(you would cry too if it happened to you!)
Get your mind out of the gutter! Did you forget my new Pope-y motto “Only for procreation, Not for recreation?”
OHMYGOD, OHMYGOD, OHMYGOD!
I don’t think I can do this anymore! This baby hasn’t stopped crying for the past two hours. I don’t know what’s wrong. Why couldn’t he have started this when my house was still full of people?! My mum just left, Andy has gone to visit his parents, and I’m alone with this tiny creature that just refuses to be happy.
I’ve tried everything. Rocking him gently, swinging him from side to side (maybe I swung too fast?), jigging him up and down, throwing him in the air (am I even allowed to do that?), and the pacifier, which has been thrown to the ground and washed more times than I care to count today.
And the nursing.
And the baby bjorn.
I’m so tired.
In walks Andy, fresh from a lovely afternoon with his family, outside of the apartment and away from anything remotely baby related. And the first thing he does is lament his “exhausting” day.
He must not have seen me. I’m over here, the one with the crumbling face, smudged glasses (de rigueur these days), and look of desperation in my eyes. The same eyes currently throwing daggers at him and trying SO HARD not to get angry. Because he really didn’t do anything. Except for leaving me here. And then having the gall to complain about his day.
I want to throw the baby at him. And I do just that, as I grab some foil-wrapped goodness from the take-out bag he brought me. I can’t even bring myself to leave the kitchen (where I was, due to the drop-wash-repeat pacifier cycle we were going through). Also, he's with the baby on the sofa now and I have no desire to be anywhere nearby. I perch on the lid of my garbage can (Thanks, Simple Human for making such sturdy products), and season my sandwich with large, salty tears.
Dramatic, I know. But so true.
I used to equate the sweet sounds of a newborn crying with the mewling of a tiny, adorable kitten. No matter how tired I was in the night, once I heard those cries, I would jump up out of bed and happily cradle his swaddled little form and kiss the top of his soft, silky head.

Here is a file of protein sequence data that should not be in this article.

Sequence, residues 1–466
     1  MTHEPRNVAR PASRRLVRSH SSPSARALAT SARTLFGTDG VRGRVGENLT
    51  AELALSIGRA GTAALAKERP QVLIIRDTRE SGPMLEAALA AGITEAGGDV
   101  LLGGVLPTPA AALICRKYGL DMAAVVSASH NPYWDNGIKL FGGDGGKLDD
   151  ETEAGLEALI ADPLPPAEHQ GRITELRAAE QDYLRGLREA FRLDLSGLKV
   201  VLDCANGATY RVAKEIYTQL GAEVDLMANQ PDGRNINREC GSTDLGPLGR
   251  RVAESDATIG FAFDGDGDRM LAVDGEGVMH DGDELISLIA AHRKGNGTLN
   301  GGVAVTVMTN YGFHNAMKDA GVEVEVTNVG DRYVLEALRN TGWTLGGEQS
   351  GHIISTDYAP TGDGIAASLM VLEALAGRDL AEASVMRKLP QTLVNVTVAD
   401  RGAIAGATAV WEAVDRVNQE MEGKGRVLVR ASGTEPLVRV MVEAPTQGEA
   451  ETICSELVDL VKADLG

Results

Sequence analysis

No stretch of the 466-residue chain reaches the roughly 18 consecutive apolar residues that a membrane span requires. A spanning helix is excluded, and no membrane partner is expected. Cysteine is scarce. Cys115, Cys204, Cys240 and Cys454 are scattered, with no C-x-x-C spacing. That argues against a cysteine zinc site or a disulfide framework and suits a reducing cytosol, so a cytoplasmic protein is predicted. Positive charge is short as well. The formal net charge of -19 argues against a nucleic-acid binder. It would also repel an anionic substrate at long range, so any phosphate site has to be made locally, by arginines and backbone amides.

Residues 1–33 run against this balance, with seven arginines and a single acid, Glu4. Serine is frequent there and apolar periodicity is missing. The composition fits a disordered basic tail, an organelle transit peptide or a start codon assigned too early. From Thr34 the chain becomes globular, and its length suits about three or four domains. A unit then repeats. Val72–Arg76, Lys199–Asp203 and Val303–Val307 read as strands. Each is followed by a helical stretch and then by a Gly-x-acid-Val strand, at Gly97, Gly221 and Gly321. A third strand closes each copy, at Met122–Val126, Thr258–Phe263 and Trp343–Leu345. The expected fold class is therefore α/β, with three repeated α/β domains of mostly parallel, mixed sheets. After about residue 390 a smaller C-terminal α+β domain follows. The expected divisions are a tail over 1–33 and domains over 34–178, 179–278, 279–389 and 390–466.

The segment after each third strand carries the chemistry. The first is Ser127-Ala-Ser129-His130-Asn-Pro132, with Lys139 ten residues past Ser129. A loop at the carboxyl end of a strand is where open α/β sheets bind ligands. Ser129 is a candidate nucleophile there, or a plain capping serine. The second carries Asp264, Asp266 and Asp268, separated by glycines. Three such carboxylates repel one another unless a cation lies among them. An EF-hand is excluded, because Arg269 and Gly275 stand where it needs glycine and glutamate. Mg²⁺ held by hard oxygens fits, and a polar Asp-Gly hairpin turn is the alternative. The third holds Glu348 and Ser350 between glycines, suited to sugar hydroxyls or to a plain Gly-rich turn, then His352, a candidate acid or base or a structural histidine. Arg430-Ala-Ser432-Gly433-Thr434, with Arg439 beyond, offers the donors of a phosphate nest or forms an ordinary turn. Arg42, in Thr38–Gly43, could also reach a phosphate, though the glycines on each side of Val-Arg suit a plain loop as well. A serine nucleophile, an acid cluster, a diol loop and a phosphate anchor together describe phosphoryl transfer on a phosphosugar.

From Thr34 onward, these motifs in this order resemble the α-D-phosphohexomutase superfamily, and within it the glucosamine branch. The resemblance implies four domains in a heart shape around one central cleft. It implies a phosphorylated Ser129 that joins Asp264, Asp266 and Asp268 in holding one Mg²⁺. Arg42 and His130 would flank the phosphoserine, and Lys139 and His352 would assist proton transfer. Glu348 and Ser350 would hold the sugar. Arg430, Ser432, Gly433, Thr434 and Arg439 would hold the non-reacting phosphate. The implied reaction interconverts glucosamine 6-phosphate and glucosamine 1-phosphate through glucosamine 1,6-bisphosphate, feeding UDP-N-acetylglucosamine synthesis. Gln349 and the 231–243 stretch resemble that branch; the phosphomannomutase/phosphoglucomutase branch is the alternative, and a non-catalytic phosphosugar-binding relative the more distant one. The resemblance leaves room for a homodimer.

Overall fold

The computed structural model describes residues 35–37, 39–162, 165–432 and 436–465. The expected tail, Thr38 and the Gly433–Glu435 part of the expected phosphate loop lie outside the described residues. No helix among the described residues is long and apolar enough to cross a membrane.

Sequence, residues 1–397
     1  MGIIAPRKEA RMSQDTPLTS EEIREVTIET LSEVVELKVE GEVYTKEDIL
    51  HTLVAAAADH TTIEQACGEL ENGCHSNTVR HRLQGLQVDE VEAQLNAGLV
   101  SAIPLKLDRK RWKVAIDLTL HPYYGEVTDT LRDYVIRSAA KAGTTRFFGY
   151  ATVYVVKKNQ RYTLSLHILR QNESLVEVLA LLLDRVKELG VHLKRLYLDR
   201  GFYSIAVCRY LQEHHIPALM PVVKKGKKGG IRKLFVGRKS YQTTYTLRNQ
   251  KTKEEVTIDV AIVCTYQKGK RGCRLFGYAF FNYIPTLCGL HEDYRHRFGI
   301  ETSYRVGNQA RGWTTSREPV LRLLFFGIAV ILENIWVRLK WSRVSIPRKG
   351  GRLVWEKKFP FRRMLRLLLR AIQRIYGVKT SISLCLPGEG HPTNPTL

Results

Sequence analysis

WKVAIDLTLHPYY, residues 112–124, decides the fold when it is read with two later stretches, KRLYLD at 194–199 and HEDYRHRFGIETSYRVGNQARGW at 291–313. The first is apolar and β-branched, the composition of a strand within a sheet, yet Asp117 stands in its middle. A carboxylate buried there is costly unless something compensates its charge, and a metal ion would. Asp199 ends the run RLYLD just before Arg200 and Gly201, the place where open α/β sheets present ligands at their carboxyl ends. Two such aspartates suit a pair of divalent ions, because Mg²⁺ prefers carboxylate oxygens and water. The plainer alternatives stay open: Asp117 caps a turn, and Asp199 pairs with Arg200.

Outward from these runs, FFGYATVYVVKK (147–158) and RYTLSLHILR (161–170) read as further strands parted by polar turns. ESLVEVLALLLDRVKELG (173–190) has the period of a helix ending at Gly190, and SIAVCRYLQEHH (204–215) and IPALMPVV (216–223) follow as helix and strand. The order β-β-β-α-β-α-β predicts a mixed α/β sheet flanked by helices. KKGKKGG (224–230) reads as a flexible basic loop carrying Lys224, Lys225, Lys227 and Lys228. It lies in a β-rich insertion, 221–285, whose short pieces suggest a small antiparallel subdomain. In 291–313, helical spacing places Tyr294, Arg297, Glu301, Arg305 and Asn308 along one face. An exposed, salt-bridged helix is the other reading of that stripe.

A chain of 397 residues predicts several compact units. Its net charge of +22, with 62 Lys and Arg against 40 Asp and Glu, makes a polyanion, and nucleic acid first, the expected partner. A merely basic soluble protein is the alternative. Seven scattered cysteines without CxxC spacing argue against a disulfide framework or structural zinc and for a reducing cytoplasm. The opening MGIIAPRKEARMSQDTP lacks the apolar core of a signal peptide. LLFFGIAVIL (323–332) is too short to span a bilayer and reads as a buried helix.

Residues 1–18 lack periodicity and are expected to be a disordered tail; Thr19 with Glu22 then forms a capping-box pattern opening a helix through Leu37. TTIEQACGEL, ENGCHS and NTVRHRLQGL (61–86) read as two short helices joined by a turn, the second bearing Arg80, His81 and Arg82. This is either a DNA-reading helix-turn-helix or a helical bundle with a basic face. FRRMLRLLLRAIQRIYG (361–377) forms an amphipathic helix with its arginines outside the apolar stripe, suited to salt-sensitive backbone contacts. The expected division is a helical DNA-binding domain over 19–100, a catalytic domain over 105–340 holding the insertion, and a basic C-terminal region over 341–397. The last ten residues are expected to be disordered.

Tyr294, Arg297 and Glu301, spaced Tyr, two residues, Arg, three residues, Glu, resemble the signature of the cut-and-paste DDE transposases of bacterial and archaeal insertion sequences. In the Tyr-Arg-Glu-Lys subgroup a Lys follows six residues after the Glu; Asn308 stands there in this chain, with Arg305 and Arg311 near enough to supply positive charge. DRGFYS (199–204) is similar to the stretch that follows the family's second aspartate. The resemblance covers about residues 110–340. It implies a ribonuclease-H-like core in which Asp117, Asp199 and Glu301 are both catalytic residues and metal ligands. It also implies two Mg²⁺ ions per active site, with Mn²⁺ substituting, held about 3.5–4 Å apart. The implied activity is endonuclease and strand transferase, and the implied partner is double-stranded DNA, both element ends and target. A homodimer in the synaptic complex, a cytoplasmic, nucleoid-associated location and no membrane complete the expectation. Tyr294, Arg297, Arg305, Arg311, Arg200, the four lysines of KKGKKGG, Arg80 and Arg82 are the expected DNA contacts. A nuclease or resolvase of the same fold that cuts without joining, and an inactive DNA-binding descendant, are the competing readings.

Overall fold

But I was seriously unprepared for these mid-afternoon cryscapades. After this experience, I understand how stressful it is to hear a constantly crying baby screeching in your ear. How do these Teen Moms do it?! How are they mentally mature enough to understand not to take it personally? Are they better than I am?
All I can say is thank God they made me watch the “Don’t Shake the Baby” video before I left the hospital. I can understand how frustrated, sleep deprived parents who just don’t know what to do anymore, can make the mistake of taking out their exhaustion on a baby that seems to have a personal vendetta against them. I thought we had at least 14 years before that happened.
I may have kind of yelled at the baby.
Hence the tears. Utter guilt for being upset at this small, sweet darling, remorse for feeling angry at him, feelings of helplessness and hopelessness. This is really, really difficult.
And cue the peanut gallery. “Ohhh…he’s colicky.”
Shut the fuck up.
I can’t tell you how many times I’ve heard that to justify and generalize the state of a baby crying and in discomfort. In fact, if I ever say “Ohh he’s colicky” to you, you have permission to slap the words out of mouth. If course, he could be colicky. But I am soooo tired of calmly explaining “Actually, I believe colic is defined as a period of crying spanning more then three hours a day, three days or more a week. This is not what we were dealing with. So there!“ It doesn’t do anything to make me feel better, and the offensive person doesn’t get it anyway. They just give me that sideways, pouty face smiley-look that screams “Poor thing, she doesn’t know what she’s talking about! Not everything can be learned from a book. With experience, you just know.”
Oh, if I ever give you that look, you know what to do by now. Slap me.
He didn’t have colic. Thank god for that. My heart goes out to all parents who deal with a colicky baby. I see you, in the elevator of my building. With your under-eye bags, pushing the stroller back and forth as if by reflex, on your way to a much-deserved Starbucks run. What our baby had was a mixture of gas, acid reflux, and general discomfort. It lasted awhile, and he cried a lot. Some called it colic. His pediatrician told me to have those people call her (Love you, Dr. Kercher!)
He grew out of it soon enough and returned to being the sweet little vampire baby we knew.
I would venture to say that most parents go through something like this, when they try and try but their baby won’t stop crying. What we need is empathy, not pity! Tell us how you went through it, offer to take him for 5 minutes so we can pee and cry, or just be quiet and stay close in case we need you to wash a pacifier.
The only thing to do in this situation? Check off all the boxes (diaper, hunger, gas, temperature) and remember to find pleasure in the hundreds of little joys in your new life.
Andy had brought me 6 yummy, calorific treats. And I still had 5 left.
Silver linings, people, silver linings.